Viewport width =
April 29, 2013 | by  | in Opinion |
Share on FacebookShare on Google+Pin on PinterestTweet about this on Twitter

Mad Science – I Just Can’t Get It Out of My Head

There have been some pretty horrible things happening recently—North Korea is PMS-ing, Kim and Kanye have proven their fertility, and worst of all, Thatcher is definitely dead. But there is one problem shared by 98 per cent of the population that has yet to get the attention it deserves—earworm infestation. This serious affliction, also known as ‘I Just Can’t Get [It] Out Of My Head’ Syndrome, relates to the phenomenon whereby snippets of a catchy song inexplicably repeat inside your head.

An attack of the earworms can only lead to treble and usually involves a small portion of a song equal to or less than the capacity of one’s auditory short-term memory, usually 15-30 seconds long according to researcher Daniel Levitin. Song with lyrics account for 73.7 per cent of earworms, whereas instrumental music causes just 7.7 per cent of cases. Commercial jingles also struck a chord with test subjects, which will come as no surprise to anyone who shouted Pizza Hut’s glorious 0800 83 83 83 at the top of their lungs.

Scientists can even predict which songs will become addictive, with people getting their greatest dopamine fix from songs that are simple, predictable and repetitive—the not-so-secret recipe for most pop songs. Sadly research has yet to confirm whether the hipster community’s dedicated rejection of pop may have transpired into some form of acquired immunity against earworms.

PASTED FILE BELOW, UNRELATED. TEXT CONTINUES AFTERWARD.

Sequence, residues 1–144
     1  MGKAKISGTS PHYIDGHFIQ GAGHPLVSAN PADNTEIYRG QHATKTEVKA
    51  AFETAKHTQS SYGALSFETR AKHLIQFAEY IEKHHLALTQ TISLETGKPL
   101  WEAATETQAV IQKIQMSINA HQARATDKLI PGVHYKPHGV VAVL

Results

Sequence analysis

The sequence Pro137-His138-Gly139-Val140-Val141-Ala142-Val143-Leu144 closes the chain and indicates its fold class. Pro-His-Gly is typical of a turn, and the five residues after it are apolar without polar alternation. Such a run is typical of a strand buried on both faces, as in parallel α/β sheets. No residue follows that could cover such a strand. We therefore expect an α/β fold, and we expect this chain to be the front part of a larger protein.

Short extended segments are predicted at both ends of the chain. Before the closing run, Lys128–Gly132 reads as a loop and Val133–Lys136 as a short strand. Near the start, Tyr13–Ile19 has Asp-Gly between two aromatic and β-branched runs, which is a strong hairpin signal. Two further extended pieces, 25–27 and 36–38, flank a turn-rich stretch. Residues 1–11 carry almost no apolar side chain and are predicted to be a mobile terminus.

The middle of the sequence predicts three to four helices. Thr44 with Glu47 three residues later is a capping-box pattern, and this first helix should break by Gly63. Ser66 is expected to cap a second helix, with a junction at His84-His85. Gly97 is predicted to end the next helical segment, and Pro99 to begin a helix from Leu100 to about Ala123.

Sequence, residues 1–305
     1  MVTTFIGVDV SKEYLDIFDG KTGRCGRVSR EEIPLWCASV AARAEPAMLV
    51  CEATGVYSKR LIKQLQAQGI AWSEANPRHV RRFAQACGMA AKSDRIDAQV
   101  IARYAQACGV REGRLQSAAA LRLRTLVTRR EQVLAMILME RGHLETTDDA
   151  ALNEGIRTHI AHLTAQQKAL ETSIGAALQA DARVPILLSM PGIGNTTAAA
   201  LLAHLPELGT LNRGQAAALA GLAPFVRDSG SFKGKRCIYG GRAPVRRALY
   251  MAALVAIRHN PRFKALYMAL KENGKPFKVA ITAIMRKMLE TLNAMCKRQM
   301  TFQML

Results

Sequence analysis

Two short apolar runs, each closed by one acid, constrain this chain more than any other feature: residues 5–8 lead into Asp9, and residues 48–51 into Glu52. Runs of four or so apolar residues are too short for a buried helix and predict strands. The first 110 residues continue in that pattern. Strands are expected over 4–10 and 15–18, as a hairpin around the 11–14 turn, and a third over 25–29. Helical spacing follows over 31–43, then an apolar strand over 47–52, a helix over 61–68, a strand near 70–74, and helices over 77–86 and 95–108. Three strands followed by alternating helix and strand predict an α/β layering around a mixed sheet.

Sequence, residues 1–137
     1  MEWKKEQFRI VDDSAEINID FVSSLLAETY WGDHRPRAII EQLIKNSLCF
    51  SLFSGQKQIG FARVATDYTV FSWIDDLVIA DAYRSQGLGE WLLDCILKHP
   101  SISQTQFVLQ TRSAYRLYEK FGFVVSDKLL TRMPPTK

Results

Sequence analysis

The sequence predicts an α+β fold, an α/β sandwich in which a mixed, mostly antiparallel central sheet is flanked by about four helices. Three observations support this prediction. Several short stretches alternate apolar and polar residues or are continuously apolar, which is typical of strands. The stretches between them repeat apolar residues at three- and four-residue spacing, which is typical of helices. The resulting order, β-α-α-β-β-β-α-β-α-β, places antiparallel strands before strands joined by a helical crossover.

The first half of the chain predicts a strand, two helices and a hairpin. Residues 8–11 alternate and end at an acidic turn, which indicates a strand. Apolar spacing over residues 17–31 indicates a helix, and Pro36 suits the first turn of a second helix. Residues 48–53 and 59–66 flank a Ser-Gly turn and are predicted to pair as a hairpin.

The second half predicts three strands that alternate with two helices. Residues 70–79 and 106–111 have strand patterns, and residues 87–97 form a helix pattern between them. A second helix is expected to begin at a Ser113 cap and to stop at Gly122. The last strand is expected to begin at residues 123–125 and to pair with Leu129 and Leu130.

So by now you have probably now come to the realisation that you have a major or minor earworm problem that you’d like to scale Bach. Perhaps ‘Call Me Maybe’ has stopped being music to your ears? Maybe you want to sing “baby, baby, baby, NO!!” Well, don’t stress; as usual, science has come to the rescue with methods for how you can Handel the situation.

On a high note, researchers have discovered strategies for treating earworms. Western Washington University researchers found that engaging the working memory in moderately difficult tasks such as anagrams, Sudoku puzzles, or reading a novel can help. Music psychologist Dr Ira Hyman warns that if you try something too hard the music can come back as your brain will not have been engaged successfully. So watch out for anything too challenging, such as actually studying or seriously considering it.

Finally, researchers suggest you avoid these artists/songs like the plague if you want to survive earworm attacks: Lady Gaga, ‘Call Me Maybe’, ‘Single Ladies’, The Beatles, Taylor Swift and Rihanna.

Share on FacebookShare on Google+Pin on PinterestTweet about this on Twitter

About the Author ()

Comments are closed.

Recent posts

  1. Laneway: Luck of the Draw
  2. Cuttin’ it with with Miss June
  3. SWAT
  4. Ravished by the Living Embodiment of All Our University Woes
  5. New Zealand’s First Rainbow Crossing is Here (and Queer)
  6. Chloe Has a Yarn About Mental Health
  7. “Stick with Vic” Makes “Insulting” and “Upsetting” Comments
  8. Presidential Address
  9. Final Review
  10. Tears Fall, and Sea Levels Rise

Editor's Pick

This Ain’t a Scene it’s a Goddamned Arm Wrestle

: Interior – Industrial Soviet Beerhall – Night It was late November and cold as hell when I stumbled into the Zhiguli Beer Hall. I was in Moscow, about to take the trans-Mongolian rail line to Beijing, and after finding someone in my hostel who could speak English, had decided